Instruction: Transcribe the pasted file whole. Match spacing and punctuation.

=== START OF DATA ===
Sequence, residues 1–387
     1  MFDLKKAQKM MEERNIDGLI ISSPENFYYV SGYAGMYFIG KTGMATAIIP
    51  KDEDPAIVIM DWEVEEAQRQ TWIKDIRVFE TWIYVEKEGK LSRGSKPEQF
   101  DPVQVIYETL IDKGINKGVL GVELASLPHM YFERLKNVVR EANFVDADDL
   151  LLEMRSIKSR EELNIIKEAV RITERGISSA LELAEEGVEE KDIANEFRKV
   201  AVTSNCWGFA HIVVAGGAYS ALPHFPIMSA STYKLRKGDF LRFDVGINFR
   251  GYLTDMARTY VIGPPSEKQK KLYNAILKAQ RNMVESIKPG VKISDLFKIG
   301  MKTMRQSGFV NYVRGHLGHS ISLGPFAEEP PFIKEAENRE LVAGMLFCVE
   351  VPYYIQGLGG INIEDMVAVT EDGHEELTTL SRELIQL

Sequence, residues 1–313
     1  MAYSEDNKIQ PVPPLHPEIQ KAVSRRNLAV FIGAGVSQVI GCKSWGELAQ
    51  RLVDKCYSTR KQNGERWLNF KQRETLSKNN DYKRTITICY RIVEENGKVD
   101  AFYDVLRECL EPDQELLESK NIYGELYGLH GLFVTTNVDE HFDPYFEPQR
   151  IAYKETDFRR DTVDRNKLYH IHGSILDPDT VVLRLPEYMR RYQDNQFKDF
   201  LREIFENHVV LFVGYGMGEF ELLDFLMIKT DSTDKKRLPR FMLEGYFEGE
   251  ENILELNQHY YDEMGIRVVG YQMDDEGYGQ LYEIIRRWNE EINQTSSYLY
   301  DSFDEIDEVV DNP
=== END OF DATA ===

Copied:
Sequence, residues 1–387
     1  MFDLKKAQKM MEERNIDGLI ISSPENFYYV SGYAGMYFIG KTGMATAIIP
    51  KDEDPAIVIM DWEVEEAQRQ TWIKDIRVFE TWIYVEKEGK LSRGSKPEQF
   101  DPVQVIYETL IDKGINKGVL GVELASLPHM YFERLKNVVR EANFVDADDL
   151  LLEMRSIKSR EELNIIKEAV RITERGISSA LELAEEGVEE KDIANEFRKV
   201  AVTSNCWGFA HIVVAGGAYS ALPHFPIMSA STYKLRKGDF LRFDVGINFR
   251  GYLTDMARTY VIGPPSEKQK KLYNAILKAQ RNMVESIKPG VKISDLFKIG
   301  MKTMRQSGFV NYVRGHLGHS ISLGPFAEEP PFIKEAENRE LVAGMLFCVE
   351  VPYYIQGLGG INIEDMVAVT EDGHEELTTL SRELIQL

Sequence, residues 1–313
     1  MAYSEDNKIQ PVPPLHPEIQ KAVSRRNLAV FIGAGVSQVI GCKSWGELAQ
    51  RLVDKCYSTR KQNGERWLNF KQRETLSKNN DYKRTITICY RIVEENGKVD
   101  AFYDVLRECL EPDQELLESK NIYGELYGLH GLFVTTNVDE HFDPYFEPQR
   151  IAYKETDFRR DTVDRNKLYH IHGSILDPDT VVLRLPEYMR RYQDNQFKDF
   201  LREIFENHVV LFVGYGMGEF ELLDFLMIKT DSTDKKRLPR FMLEGYFEGE
   251  ENILELNQHY YDEMGIRVVG YQMDDEGYGQ LYEIIRRWNE EINQTSSYLY
   301  DSFDEIDEVV DNP